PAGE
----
When a couple is infertile, the man and woman usually are evaluated together. Even if one partner has previously conceived a child, he or she should be evaluated because a new cause of infertility may have developed.
The evaluation for infertility in men usually begins with a semen analysis, also known as a sperm count. A sample of semen usually is collected in the doctor's office after the man has abstained from ejaculating for two to three days. If the semen analysis is completely normal, further evaluation rarely is needed.
If the first semen analysis is not normal, one or more additional samples may be collected. If more than one of the samples is abnormal, a more complete evaluation should be done. This evaluation typically includes:
A complete medical history, including sexual and general development, previous illnesses, medications and exposures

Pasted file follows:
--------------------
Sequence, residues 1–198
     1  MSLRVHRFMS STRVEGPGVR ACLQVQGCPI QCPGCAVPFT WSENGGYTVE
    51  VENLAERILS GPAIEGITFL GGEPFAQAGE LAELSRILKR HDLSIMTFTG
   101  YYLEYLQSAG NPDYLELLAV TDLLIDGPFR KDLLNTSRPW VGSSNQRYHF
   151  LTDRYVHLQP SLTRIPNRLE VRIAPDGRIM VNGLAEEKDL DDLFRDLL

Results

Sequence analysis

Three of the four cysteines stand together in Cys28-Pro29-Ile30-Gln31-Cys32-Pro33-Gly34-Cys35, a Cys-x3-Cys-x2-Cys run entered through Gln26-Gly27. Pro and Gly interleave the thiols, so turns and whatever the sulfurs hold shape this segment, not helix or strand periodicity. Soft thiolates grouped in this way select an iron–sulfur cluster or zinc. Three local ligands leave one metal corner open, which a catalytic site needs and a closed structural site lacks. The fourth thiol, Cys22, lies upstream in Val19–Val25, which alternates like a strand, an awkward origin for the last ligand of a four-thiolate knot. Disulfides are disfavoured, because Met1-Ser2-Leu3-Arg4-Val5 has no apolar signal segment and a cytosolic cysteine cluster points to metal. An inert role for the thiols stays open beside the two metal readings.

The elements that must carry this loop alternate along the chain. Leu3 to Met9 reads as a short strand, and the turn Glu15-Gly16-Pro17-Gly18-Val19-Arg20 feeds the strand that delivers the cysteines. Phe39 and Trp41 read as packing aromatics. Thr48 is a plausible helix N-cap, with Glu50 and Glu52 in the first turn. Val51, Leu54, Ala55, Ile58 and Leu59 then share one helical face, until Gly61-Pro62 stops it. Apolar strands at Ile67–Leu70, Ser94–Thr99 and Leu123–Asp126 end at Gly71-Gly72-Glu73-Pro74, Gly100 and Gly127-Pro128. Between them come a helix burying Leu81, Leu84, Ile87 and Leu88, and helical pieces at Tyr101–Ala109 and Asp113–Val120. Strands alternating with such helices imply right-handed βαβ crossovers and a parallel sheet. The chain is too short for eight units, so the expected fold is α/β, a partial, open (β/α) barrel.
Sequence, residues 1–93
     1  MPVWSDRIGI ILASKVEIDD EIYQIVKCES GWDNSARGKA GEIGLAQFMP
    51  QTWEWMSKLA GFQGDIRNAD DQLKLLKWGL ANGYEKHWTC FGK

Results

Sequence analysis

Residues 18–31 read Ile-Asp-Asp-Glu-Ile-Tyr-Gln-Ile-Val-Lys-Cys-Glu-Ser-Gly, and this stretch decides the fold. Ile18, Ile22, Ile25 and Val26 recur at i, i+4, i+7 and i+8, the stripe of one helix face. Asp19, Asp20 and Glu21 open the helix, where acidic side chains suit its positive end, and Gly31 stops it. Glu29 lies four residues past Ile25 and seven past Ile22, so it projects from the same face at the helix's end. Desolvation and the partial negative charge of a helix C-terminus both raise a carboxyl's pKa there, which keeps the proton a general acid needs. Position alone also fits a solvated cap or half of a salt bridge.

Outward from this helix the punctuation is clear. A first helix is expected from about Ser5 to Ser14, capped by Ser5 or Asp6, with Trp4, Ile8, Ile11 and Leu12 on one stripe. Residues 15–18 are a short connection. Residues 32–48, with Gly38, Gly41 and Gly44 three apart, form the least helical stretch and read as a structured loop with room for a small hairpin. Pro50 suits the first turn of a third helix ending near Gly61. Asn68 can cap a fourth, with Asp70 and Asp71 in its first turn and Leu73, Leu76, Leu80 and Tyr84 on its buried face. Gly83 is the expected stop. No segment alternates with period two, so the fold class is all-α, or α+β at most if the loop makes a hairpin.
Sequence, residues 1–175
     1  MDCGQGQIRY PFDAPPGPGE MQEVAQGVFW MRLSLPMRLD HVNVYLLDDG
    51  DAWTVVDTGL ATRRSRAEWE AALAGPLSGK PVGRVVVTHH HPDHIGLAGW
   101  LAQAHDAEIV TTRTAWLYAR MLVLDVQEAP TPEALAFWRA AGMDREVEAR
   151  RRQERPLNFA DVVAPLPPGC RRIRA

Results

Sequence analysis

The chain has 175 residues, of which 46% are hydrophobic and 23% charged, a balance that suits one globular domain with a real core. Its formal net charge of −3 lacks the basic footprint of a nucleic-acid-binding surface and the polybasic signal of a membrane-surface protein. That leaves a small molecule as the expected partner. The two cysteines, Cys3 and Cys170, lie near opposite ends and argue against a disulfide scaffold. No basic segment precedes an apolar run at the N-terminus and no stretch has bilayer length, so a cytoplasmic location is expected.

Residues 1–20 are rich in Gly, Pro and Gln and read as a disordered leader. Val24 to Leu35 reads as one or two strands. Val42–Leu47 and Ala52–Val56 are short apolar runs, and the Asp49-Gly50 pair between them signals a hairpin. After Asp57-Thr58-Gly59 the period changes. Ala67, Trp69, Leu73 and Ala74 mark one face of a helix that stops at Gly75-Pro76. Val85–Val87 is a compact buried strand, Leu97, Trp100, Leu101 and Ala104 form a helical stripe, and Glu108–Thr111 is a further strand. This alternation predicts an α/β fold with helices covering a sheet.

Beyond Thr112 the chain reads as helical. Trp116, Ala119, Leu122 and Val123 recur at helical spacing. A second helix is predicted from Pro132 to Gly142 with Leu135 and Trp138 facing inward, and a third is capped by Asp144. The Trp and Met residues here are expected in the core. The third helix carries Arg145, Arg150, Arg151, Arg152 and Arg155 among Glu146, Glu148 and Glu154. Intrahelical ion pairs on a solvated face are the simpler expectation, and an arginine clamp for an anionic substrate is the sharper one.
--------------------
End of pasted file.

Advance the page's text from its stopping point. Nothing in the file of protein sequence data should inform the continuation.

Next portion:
A general medical examination to look for evidence of hormone problems or underlying medical illnesses — This examination should focus on looking for evidence of genital infections, blocked sperm tubules, and shrinkage of the testicles.
Testing of hormone levels
Depending on these results, more specialized tests may be necessary, including an ultrasound of the testicles and scrotum, sperm-function testing, genetic tests, or a biopsy of the testicles. Your primary care doctor may be able to begin this evaluation, but you may need to be referred to a specialist (urologist or reproductive endocrinologist).